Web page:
Our study is the first to assess 6-MP monitoring in women with SLE prior to conception and during pregnancy. Despite small numbers, our findings highlight key opportunities to personalise therapy during this critical period. In particular, identification of ‘shunting’ helps avoid unnecessary and potentially harmful dose escalation, with the option to switch patients to an alternative pregnancy-compatible drug, such as tacrolimus. We also demonstrate how dose escalation can be done safely, as we can avoid 6-TG and 6-MMP levels that are known to be toxic in the IBD population. Lastly, we observed a substantial number of non-adherent patients, which allows focus to be placed on discussing adherence during clinic visits and may guide future treatment approaches. The importance of appropriate control of disease is of heightened importance during pregnancy, a vulnerable time for both mother and baby.
We need to acknowledge potential limitations. We used therapeutic reference ranges for IBD, as none exist for SLE. It has been suggested that target ranges in SLE may be lower than in IBD.1 Furthermore, in a small study (n=30), pregnancy was found to potentially affect AZA metabolism resulting in a mild decrease in 6-TG levels during gestation with a return to preconception baseline levels after delivery.3 However, adherence to AZA was not assessed in this study and might have contributed at least in part to the findings.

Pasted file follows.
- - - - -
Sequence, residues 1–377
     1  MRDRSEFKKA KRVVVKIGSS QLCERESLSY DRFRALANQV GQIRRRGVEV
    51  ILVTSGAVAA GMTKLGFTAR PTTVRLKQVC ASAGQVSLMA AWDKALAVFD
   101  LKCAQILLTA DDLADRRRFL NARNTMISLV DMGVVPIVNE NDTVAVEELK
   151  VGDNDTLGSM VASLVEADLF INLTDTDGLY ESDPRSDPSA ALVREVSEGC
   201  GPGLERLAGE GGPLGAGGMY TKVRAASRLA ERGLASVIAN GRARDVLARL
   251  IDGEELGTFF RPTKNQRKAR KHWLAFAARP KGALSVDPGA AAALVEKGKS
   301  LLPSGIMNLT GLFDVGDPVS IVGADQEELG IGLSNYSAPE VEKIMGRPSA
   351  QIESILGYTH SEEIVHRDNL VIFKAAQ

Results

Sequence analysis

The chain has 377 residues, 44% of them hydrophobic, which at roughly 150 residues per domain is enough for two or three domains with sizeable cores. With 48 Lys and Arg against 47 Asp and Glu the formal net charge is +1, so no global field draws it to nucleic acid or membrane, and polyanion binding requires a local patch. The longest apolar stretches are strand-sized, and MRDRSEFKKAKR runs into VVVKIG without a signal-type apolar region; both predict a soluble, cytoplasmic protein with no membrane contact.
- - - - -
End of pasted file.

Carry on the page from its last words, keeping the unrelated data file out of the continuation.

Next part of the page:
In conclusion, the use of personalised metabolite monitoring is a promising strategy as it might improve efficacy and safety in our vulnerable patient population prior to or during pregnancy. A metabolite-guided approach could likely be applied to a broader SLE population. In patients with active SLE despite AZA, it may allow identification of the cause of treatment failure as non-adherence, undertreatment or treatment-refractoriness. There is a great need for larger prospective studies to establish target 6-MP levels in pregnant and non-pregnant patients with SLE.
Contributors FL-F, SB, FK, L-PG, CAP and EV interpreted the data and drafted this letter and table.
Funding This work was funded by a Canadian Institutes of Health Research (CIHR) catalyst grant number CMA-151713, project title The Lupus Pregnancy (LEGACY) Cohort. EV receives salary support from the Arthritis Society New/Mid Investigator: Stars Career Development Award number STAR-19–0597 and the Fonds de recherché en santé Québec (FRSQ) Junior 2 Award number 282 178.
Competing interests None declared.
Patient and public involvement Patients and/or the public were involved in the design, or conduct, or reporting, or dissemination plans of this research. Refer to the 'Methods' section for further details.
Provenance and peer review Not commissioned; externally peer reviewed.